Mr. Murphy must have missed the boat Saturday. His infamous law was nowhere to be found before, during or after the 34th annual running of the Shelter Island 10K.
There were many opportunities for things to go wrong, but none did.
Murphy’s law was banished by a heroic community effort, where individuals, groups, the police department and town government worked seamlessly for the common good. They, along with the crowds of Islanders who showed up on a perfect summer day, and the inspiring athletes of all ages, levels and conditions, made it a day to remember.
The police department, under the direction of Chief James Read, did a remarkable job — aided by the Suffolk County Sheriff’s Office and the New York State Police — of keeping everyone safe without ham-handed tactics. Compromising liberty for security is the national debate these days. On an albeit small, local level, the police department nevertheless showed how both ideals can work together with a minimum of friction.
Procedures were thought through before being implemented. Small things made big differences: For example, the idea to make the “goody bags” clear plastic eliminated countless searches that would have caused delays.
The department got the word out early and often about new security procedures so people knew what to expect. Everyone was aware of the security presence but no one was threatened by it.
Even the officers stopping traffic for inspections or directing motorists toward detours were courteous, informative and professional.
The sport of long distance running is done outside, and not in enclosed stadiums with digitized beer ads and a trip to the concession stand requiring a preliminary meeting with your bank manger. Shelter Island is perfect for the sport of distance races. Not just for the physical beauty, but for the spirit of those who turn out to cheer the athletes on their quest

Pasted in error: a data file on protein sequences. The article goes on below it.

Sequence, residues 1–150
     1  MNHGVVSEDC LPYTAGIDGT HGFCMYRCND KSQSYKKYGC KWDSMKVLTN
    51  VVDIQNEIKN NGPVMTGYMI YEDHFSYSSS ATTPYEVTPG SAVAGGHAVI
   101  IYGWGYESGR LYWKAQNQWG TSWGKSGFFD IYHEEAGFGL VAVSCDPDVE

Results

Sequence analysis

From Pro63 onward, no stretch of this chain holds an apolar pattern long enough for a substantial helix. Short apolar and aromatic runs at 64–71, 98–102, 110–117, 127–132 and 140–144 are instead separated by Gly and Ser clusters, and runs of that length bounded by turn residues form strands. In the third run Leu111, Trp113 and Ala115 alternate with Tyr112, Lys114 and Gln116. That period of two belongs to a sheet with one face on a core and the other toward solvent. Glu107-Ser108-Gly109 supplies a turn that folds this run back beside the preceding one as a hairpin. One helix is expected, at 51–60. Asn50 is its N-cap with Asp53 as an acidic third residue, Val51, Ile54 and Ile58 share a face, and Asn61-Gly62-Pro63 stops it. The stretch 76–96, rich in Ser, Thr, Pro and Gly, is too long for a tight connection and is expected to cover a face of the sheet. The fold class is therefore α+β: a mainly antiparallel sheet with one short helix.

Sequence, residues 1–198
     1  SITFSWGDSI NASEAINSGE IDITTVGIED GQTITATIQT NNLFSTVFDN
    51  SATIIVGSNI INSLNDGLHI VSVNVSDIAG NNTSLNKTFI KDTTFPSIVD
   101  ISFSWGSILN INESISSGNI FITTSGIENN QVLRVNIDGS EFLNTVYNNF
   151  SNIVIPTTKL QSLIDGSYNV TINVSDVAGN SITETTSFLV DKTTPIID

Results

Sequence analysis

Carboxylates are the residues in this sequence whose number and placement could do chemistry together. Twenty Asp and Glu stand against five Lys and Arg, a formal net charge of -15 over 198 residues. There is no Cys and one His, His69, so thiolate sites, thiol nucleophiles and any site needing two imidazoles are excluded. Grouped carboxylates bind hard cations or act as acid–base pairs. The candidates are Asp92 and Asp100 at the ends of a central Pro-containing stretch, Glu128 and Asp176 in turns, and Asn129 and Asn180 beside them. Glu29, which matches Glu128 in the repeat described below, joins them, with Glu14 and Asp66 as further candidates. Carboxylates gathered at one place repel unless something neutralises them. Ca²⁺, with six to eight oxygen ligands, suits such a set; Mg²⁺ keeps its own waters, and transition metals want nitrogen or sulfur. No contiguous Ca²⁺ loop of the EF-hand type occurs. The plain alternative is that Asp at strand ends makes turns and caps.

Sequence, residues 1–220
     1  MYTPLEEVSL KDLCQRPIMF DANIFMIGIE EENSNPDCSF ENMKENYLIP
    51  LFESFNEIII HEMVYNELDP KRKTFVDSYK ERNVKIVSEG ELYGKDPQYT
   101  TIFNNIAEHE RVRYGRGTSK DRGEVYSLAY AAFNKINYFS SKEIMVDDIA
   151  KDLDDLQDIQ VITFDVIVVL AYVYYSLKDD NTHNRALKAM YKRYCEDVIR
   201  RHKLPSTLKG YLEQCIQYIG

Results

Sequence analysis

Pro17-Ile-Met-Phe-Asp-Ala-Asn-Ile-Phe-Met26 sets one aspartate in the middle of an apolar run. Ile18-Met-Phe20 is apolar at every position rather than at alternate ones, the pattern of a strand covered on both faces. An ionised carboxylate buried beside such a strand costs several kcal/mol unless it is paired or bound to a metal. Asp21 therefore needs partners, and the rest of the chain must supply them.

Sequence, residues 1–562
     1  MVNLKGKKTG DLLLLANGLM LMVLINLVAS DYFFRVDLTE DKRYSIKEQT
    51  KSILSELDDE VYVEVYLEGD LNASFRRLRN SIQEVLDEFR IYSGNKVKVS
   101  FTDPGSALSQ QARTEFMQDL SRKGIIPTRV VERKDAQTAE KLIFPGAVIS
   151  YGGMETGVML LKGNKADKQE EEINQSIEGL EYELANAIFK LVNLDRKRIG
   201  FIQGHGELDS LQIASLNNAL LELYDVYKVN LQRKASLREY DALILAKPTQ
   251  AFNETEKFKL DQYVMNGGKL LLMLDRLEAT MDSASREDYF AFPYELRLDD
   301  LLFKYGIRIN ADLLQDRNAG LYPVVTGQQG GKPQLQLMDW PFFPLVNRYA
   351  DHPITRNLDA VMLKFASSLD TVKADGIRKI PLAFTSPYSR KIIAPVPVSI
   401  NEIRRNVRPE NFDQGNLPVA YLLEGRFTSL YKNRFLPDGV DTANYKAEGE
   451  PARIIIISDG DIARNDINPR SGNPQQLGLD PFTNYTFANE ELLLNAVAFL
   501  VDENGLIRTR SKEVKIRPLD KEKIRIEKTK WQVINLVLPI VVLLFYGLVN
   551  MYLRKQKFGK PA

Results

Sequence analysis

Elsewhere in this edition of the Reporter you’ll read praise for Mary Ellen Adipietro, Dr. Frank Adipietro and Cliff Clark, the three individuals — along with hundreds of volunteers they led — who made Saturday happen. We’ll say it again: Thank you for your time and tireless work. Your community salutes you.
Three years before the first running of the 10K, an Islander stepped up and hasn’t stepped down until almost four decades later. Joy Bausman will resign as the volunteer CEO of the Red Cross chapter on Shelter Island. (See story, page 18.) Her dedicated service sets the bar high for all who will follow as volunteers, not only for the Emergency Medical Services, but any organization that benefits our community.
Ben Jones — no slouch at giving back, logging 31 years as an ambulance volunteer helping others in distress — had high praise for Ms. Bausman, calling her an inspirational leader who charted a “road map” to success for the chapter.
Ms. Bausman credited her mother — who was a volunteer for the Red Cross for 55 years — and other family members, who inspired her to give of herself to those in need.
We should remember Ms. Bausman, and her mother’s teaching, by doing.